Finite Dimensional Methods for Differential Flatness

In Control System Theory, the study of continuous-time, finite dimensional, underdetermined systems of ordinary differential equations is an important topic. Classification of systems in different categories is a natural initial step to the analysis of a given control problem. Systems of equations can often be “transformed” into other “equivalent” ones. Then, a control system is associated to a set of equivalent equations. In this setting, a property of a control system can be defined as a property that has to be satisfied by some arbitrary system of equations in the set representing the control system. Assessing such a property can be a difficult task. In this thesis, we review and study a number of ways to determine whether a multi-input nonlinear system is flat, i.e. whether it is equivalent to a linear system after some dynamical extension and change of coordinates. This is a difficult as well as a well studied problem. Therefore, coming up with some altogether new approach or solution is to a certain extent illusory. A substantial part of the text is devoted to describing existing approaches and sometimes to propose either an original alternative or an original point of view. Another part of the thesis is dedicated to the study of a drastically reduced version of the problem, where more can be said in an algorithmic way. Nonlinear control systems are first modeled as the embedding of some fibered bundle to the first jet of the time-and-state-variables manifold. The exterior system, or Pfaffian system, corresponding to the ODE then arises naturally. Input prolongations are then introduced as lifts of the previously mentioned embedding. Various filtration techniques and their applications to static feedback linearization are discussed next. A full chapter is devoted to the infinite dimensional approach involving matrix differential operators. A now classical theorem, linking integrability of the basis of a differential module after application of one such an operator, and the flatness property is discussed. The relations obtained can be decomposed in an equivalent set of differentially closed equations. We state a version of the resulting theorem where the “curvature equations” are trivial. A subproblem that has attracted the attention of researchers is the question whether a given system — subject to some state constraints — is flat. In this setting, useful concepts are that of a covering of a system by another one and the accompanying result stating that a flat system can cover only a flat system. Hence, if a “large” linear system is given together with a set of nonlinear constraints, flatness of the constrained system is assessed if the unconstrained system can be shown to cover the constrained one. Starting with the classical notion of controlled invariance and a generalized notion coined dynamic controlled invariance, sufficient conditions are discussed which also involve the notion of right invertibility and the dynamic extension algorithm. Modeling of mechanical systems by free moving point masses subject to some control forces and quadratic constraints is often effective. The resulting unconstrained equations are linear and bilinear in the state and control/Lagrangian multiplier variables. We propose a relative derived flag that leads to a filtration with guaranteed integrability at each stage. This leads to a very effective sufficient condition for the flatness of the unconstrained model. The algorithm, together with the test described in the previous section, is used to show flatness of some generalized pendulum-like equations. They are also shown to specialize to the non-holonomic car equations and to the VTOL/pendulum equations when some specific parameters are suitably chosen.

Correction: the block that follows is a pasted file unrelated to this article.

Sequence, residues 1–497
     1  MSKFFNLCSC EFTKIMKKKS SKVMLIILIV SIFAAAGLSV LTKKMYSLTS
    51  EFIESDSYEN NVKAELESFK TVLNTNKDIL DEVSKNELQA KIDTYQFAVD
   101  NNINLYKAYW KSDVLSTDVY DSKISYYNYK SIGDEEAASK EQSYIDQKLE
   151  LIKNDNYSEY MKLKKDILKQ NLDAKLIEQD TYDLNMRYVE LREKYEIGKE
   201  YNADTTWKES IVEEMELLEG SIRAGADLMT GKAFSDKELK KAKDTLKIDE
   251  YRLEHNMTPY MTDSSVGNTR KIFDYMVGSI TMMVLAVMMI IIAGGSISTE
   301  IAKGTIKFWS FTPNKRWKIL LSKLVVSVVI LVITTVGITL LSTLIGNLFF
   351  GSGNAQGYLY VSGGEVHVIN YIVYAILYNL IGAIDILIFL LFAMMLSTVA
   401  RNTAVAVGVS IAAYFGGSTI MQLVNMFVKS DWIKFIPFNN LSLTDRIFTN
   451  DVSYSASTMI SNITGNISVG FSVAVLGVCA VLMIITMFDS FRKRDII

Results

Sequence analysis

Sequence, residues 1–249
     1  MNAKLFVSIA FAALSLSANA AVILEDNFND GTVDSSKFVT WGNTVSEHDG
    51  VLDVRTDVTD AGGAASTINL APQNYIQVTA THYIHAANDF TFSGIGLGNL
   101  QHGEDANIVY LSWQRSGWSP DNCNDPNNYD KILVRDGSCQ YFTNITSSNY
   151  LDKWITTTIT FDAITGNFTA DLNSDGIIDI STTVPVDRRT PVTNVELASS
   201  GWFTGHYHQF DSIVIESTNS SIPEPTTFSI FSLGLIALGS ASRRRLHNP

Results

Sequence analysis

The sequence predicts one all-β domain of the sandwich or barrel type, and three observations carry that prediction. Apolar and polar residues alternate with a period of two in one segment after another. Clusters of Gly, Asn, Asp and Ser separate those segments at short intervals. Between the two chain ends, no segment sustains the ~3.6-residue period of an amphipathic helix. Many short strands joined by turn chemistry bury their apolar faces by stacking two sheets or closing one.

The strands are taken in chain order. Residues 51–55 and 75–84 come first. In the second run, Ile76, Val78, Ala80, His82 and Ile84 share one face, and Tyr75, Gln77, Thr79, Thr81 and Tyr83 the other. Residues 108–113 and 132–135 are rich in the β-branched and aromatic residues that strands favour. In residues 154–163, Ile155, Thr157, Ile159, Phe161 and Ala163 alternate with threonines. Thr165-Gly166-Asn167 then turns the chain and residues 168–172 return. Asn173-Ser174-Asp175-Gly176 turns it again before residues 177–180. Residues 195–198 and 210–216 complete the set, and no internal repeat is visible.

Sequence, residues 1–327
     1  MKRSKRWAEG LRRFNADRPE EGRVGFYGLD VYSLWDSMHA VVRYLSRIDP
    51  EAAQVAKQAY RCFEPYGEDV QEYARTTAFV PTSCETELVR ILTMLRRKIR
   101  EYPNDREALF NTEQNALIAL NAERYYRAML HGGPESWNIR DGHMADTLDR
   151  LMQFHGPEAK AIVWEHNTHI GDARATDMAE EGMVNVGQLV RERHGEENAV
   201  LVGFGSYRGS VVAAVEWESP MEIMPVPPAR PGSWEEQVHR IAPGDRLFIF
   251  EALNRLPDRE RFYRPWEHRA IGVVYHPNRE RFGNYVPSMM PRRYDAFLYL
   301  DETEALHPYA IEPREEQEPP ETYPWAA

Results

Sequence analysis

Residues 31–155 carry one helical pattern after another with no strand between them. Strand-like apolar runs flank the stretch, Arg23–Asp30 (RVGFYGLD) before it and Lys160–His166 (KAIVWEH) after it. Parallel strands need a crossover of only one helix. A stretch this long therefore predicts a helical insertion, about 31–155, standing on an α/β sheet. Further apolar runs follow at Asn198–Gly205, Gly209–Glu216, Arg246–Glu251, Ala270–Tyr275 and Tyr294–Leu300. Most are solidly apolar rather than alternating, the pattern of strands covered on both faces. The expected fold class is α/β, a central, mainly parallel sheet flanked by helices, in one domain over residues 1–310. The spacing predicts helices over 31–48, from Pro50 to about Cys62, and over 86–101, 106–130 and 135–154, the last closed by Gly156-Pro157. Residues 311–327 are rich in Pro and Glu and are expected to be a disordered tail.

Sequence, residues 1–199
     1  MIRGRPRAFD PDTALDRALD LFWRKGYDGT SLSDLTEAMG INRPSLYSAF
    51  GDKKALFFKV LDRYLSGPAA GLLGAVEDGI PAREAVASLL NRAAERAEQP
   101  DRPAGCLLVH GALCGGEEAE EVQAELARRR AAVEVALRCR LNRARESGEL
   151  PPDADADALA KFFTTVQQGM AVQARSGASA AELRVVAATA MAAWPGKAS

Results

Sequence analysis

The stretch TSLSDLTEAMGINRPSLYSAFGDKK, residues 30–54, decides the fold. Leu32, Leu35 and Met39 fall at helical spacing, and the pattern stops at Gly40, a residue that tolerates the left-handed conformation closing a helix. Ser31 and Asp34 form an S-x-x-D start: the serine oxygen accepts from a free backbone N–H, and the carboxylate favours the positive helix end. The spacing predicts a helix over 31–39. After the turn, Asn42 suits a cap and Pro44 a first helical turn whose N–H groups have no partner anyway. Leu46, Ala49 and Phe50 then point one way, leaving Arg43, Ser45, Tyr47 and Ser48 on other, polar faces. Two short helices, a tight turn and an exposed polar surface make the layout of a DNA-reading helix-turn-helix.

Longchamp, Roland
Müllhaupt, Philippe
Lausanne, EPFL
Other identifiers:
urn: urn:nbn:ch:bel-epfl-thesis5749-3

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 Record created 2013-06-05, last modified 2020-04-20

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